SEATTLE -- The Washington State Attorney General's Office announced today that $450,000 is available for consumer education projects in Washington.
The money, which is held in trust for Washington residents, is the result of court ordered restitution in some of the cases settled by the Consumer Protection Division. The purpose of the grant program is to educate consumers so that fewer people will become victims or potential targets of consumer fraud or deception.
Proposals are sought from organizations that share the office's commitment to educating consumers and improving Washington's marketplace. In particular, proposals are sought from programs that will benefit underserved populations such as youth, the elderly, immigrants or those who do not speak English as a primary language and people who cannot easily access the legal system.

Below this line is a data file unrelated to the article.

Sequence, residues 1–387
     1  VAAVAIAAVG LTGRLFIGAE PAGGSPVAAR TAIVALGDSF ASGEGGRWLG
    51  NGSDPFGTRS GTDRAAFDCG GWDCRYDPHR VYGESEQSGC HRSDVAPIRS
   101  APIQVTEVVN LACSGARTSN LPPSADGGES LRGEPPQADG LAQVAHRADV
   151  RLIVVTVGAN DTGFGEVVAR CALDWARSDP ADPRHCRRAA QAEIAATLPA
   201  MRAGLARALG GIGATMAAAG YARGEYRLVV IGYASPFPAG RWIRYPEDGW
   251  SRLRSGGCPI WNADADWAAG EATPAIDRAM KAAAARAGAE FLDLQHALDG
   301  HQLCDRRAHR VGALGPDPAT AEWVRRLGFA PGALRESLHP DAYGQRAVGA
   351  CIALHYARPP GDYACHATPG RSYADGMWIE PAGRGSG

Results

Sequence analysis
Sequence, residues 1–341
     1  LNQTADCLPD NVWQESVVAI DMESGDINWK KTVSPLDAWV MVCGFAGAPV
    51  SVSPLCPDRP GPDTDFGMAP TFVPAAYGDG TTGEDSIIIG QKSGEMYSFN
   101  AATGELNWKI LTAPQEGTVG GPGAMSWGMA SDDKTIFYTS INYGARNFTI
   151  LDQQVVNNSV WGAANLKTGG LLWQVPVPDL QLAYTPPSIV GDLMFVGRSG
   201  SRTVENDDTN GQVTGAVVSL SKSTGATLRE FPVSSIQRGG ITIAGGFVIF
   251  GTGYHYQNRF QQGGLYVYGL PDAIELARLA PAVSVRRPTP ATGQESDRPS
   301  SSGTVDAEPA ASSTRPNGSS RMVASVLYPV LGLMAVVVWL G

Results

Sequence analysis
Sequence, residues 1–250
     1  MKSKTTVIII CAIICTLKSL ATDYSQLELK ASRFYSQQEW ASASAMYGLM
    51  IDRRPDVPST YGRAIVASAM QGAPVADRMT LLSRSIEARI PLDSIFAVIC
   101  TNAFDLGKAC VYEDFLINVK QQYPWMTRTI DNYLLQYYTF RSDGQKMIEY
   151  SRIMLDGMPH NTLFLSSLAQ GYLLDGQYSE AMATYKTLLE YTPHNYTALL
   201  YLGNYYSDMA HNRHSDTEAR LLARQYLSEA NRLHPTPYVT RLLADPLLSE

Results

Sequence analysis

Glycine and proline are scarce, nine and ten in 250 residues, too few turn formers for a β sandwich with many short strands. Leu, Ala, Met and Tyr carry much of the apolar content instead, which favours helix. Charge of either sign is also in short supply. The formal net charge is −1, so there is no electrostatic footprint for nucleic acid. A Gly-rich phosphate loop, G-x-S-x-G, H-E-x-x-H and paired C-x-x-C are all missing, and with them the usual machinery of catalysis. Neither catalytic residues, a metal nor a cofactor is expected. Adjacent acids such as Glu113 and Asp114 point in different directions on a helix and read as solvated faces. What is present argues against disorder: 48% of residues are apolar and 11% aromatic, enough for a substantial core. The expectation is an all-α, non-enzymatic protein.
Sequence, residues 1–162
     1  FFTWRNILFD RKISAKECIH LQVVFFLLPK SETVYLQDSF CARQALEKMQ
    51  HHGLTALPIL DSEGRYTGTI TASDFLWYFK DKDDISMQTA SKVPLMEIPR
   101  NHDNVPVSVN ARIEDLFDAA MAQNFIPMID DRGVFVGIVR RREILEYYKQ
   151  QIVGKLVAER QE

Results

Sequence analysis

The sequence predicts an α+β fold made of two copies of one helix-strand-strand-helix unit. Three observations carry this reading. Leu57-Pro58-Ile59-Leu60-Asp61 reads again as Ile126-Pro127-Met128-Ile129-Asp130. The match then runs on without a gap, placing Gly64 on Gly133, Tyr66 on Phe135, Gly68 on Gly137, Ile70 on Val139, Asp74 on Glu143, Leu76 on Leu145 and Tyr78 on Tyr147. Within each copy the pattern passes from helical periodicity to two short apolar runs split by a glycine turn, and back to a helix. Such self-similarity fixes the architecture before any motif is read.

Proposals need to identify consumer education programs, products or services that will prevent people from becoming victims or targets of consumer fraud or deception. The Attorney General's office requests that proposals address subjects of high consumer interest in the following categories: communications, the credit and financial industry, Internet commerce related issues, privacy and identity theft, and senior fraud.
Funding is available to non-profits and any government agency in the state. Organizations must have the capacity to implement their proposed project in a short time-frame.
A letter of intent is due by March 12, 2004, no later than 5:00 p.m. Finalists will be notified to complete a detailed application on March 26, 2004. Grantees will be notified May 21, 2004.
There are specific guidelines to follow for both the letter of intent and to apply for the grant. For more information about the grant, click here to download the guidelines.